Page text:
Healthy Treats To Share With Your Dog

Healthy Treats To Share With Your Dog

Chances are you may be eating a little less healthy lately. Heck, I ate a whole bag of pizza rolls in a single day last week, so I’m right there with you. What about your dog though? Hopefully your pup’s health is as good as ever with you by their side all day!

My dog Cookie is OBSESSED with fruits and vegetables. He will try almost anything I give to him. If I chop up an apple or a carrot, he is excitedly waiting by my side hoping for a piece. Oh, by the way, try not to feed these treats from the table- you don’t want to teach them to start begging! Anyway, if your dog isn’t always excited at the prospect of munching on the first piece of produce you offer, there are tons of different fruits and veggies you can try until you find what your dog likes.

The best part of this is that once you find something your dog loves to munch on, it’s not only good for them, but it’s also easy to keep a bowl of healthy snacks for both of you! When you change your environment to make the better choices easier to make, you are setting yourself up for success. So if you’re looking to eat better yourself, then having a healthy snack within reach instead of a jar of cookies is a great way to make mindless munching a little better. After all, you can’t give that whole orange to your dog at once, so you might as well enjoy some. If you have kids, this can also be a fun way to convince them it’s fun to eat something that doesn’t come from a microwave.

However, not everything that grows in the ground (or comes out of your kitchen) is safe for your dog to eat. To help you out, here’s a guide to what your dog can enjoy, what it can’t, and some easy ways to step up your treat game!

Safe Treats

Veggies- Broccoli, green beans, cucumbers, peas, celery, carrots

My dog Cookie is obsessed with veggies! The celery and carrots are especially good for doggy breath, and they are fun to chew on! Just be sure to cut up any large veggies, or if your dog is in the mood to munch on a whole one, supervise them closely to make sure they’re not swallowing any large chunks. Also, I honestly have no idea why he finds broccoli appealing, but to each his own. Just make sure that if you’re sharing your snacks, you don’t let your dog indulge in the condiments or dips you like to use, such as ranch dressing.

Fruits- Apples, oranges, bananas, strawberries, blueberries, raspberries

Fruits are a nice subtly sweet treat for your dog! Of course some will require peeling, and it’s a good idea to separate larger fruits into chunks for your pup to make it easier for them to safely eat. It’s a good idea to share these! You won’t necessarily want to give your dog the whole fruit, so it’s a great chance to snack on some yourself, or share some with others. Berries, on the other hand, are a little quicker- just rinse and dispense!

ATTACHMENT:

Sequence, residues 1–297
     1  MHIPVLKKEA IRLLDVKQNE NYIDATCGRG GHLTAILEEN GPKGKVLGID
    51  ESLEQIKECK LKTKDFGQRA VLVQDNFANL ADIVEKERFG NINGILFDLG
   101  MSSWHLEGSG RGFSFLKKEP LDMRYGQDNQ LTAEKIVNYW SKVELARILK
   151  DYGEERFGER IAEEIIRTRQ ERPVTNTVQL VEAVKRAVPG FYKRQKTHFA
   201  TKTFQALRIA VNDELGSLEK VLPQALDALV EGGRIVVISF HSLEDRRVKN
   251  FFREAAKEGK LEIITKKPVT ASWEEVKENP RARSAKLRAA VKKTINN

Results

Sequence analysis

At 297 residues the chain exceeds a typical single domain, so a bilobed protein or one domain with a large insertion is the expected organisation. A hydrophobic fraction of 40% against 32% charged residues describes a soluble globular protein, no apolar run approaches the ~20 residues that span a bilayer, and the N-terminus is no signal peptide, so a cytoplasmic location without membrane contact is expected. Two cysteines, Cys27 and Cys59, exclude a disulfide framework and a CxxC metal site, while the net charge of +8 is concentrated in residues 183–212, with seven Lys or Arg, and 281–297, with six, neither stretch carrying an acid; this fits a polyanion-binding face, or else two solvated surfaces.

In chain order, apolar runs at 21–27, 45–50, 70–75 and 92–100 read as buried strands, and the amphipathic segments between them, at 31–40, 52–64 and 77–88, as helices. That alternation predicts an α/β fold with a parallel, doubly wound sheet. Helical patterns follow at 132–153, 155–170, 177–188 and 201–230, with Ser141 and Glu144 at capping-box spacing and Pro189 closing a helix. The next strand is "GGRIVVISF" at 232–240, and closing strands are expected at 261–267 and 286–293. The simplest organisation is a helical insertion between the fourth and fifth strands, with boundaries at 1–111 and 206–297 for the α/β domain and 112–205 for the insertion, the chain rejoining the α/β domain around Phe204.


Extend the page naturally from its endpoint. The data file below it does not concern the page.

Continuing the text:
If you give your dog an apple, be certain to cut out the seeds and the small area surrounding them- they contain small amounts of cyanide that can be harmful to your dog. If your dog isn’t interested at first, or you’re feeling especially generous, you can add a little peanut butter to it! 

Not Safe, Don’t Share!

Produce: Tomatoes, avocados, cherries, fruit seeds, grapes, raisins, onions, garlic

Not everything that grows on a tree or a vine or in the dirt is good for your dog. Just like you wouldn’t eat poison ivy, there are some plants that are poisonous to your dog. Tomatoes, grapes, raisins, onions, and garlic all contain naturally occurring compounds that are toxic to your dog.

Cherries, as well as any fruit seed such as apple seeds, peach pits, and others, contain cyanide. Usually removing seeds, pits, and cores is enough to render your fruit puppy-approved, just be generous when removing the flesh around the seeds too. Cherries are just not big enough to remove the seed and still be safe. 

Ingredients: Xylitol, garlic or onion flavoring

Some peanut butter is now made with Xylitol or other artificial sweeteners which can be extremely toxic to your dog. Be sure to check the ingredients in this common doggy treat. I tend to opt for peanut butter with simple ingredients and no sweeteners added for myself anyway (I gotta eat better too, right?)

When you open up a bag of dog treats that smell super strong and savory, take a peek at the ingredients on those too. Even though they’re made for dogs, not all treats are created equal. If you see onion or garlic on that label, it’s not for your dog’s nutritional benefit, it’s just to make them smell more appetizing to you and tempt you to choose them over their competition. Of course you won’t be snacking on dog treats anytime soon anyway, so look for treats that don’t contain these ingredients, no matter how yummy they smell.

Raw meat or bones- While a raw diet for dogs is becoming more popular these days as we all become more health conscious, the safety of this diet is up for debate. Many veterinarians, as well as the FDA, disagree with the safety of this diet.

There are both benefits and risks when it comes to a raw food diet- Dogs may appear to have shinier coats, cleaner teeth, or healthier skin. However, it’s possible that this anecdotal evidence comes from owners who weaned their dog off of a low-quality kibble. There are big risks with a raw diet including illness due to bacteria in raw meat, raw bones causing broken teeth or internal punctures, and a lack of important nutrients they have grown to need over time.